"Some may find the details of this disturbing," said Elaine Quijano on "CBS This Morning." "Ghoulish stabbing raises question: Who Is Slenderman?" asked CNN.com which calls him "the Internet's own monster, a ghoul who lurks in its darkest corners" and "a menacing, faceless specter in a dark suit — sometimes portrayed with octopus-like tentacles."
The sensational crime, which actually pre-empted weather as the lead story on local stations, made the once cautionary disclaimer, "It's 10 p.m. Do you know where your children are?" seem quaint, even naive.
Anchors, producers and reporters hauled out the sober hyperbole. WITI-TV (Channel 6) used eerie, music-like sound effects. The victim was "a millimeter away from certain death," said co-anchor Mary Stoker Smith. Her co-anchor, Ted Perry, called the crime "the shock rippling through Waukesha." Earlier on "Studio A" on WITI, he said the story will "chill you to the bone." But he probably wished he could take back speculation about whether Slender Man "really exists or not, I'm not sure at this point."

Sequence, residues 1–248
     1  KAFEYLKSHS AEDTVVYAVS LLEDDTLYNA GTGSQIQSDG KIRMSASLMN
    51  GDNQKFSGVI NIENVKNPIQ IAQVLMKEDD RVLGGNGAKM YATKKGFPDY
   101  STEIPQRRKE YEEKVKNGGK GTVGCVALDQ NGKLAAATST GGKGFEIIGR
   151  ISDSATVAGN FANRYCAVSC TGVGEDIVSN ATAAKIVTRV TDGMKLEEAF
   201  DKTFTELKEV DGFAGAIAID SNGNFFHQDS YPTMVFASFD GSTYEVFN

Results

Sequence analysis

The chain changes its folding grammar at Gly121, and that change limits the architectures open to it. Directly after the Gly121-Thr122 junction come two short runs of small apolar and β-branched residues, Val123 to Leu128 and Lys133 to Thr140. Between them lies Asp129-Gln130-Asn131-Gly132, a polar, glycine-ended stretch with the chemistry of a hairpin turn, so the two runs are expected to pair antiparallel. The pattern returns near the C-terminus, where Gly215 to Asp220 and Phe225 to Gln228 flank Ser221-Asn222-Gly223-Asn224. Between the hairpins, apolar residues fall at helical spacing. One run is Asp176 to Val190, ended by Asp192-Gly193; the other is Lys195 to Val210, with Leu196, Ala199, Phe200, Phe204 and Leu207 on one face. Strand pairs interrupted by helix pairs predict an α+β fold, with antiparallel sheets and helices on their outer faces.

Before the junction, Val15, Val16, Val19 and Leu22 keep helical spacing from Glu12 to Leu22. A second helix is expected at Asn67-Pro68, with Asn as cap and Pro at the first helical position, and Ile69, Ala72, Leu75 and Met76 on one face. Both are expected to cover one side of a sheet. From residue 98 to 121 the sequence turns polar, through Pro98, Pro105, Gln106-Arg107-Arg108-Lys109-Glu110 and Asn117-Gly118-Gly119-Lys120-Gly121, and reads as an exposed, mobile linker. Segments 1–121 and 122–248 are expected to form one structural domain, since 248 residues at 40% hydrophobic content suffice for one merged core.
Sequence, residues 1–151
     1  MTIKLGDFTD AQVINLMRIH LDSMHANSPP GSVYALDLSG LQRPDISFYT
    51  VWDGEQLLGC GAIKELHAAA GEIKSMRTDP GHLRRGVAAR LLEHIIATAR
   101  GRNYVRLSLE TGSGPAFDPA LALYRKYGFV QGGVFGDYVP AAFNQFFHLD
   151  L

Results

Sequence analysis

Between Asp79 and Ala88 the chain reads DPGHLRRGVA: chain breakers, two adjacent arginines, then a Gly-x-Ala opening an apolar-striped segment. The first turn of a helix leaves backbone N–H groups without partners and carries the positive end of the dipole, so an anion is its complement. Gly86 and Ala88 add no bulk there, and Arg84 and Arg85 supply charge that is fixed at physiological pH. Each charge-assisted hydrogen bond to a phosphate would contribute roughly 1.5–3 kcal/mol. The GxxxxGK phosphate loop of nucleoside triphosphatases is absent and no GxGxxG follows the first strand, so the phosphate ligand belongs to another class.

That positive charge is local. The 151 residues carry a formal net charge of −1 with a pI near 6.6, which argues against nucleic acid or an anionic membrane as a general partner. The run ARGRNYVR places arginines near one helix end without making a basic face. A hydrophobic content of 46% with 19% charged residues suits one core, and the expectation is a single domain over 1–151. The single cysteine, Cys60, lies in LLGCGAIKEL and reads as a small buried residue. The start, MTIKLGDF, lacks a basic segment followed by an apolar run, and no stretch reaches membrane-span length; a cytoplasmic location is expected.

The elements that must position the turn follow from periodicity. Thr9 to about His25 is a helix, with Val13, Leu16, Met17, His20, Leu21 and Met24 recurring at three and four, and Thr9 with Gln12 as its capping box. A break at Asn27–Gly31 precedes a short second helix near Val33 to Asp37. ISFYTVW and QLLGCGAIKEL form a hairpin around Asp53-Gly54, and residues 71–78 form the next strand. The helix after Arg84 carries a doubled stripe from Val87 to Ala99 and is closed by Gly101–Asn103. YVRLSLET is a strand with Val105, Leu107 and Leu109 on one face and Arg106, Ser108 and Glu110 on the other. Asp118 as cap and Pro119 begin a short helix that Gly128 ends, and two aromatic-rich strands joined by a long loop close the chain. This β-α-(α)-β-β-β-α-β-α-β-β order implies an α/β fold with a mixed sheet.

The crime was "graphic, disturbing and hard to believe," said Meekins, as a WTMJ onscreen headline screamed "Slumber Party Stabbing" and later "Plot to Kill." Reporter Jermont Terry practically leaped off the screen describing the crime and sat on a bicycle while reporting that the victim was discovered by a bicyclist. WISN reporter Christina Palladino prefaced her report by noting "the people I talked to literally have no words" and then interviewed people who used words to speak on camera.
It always amazes me that media company execs bemoan the lack of youth appeal in their products, when ten seconds of watching any kind of report on anything online at all would make anybody with a fraction of familiarity with the Internet double over in embarrassment. TV reporters who I dearly hope USE the Internet on a daily basis report on it like it's a foreign land and the customs are strange to us all.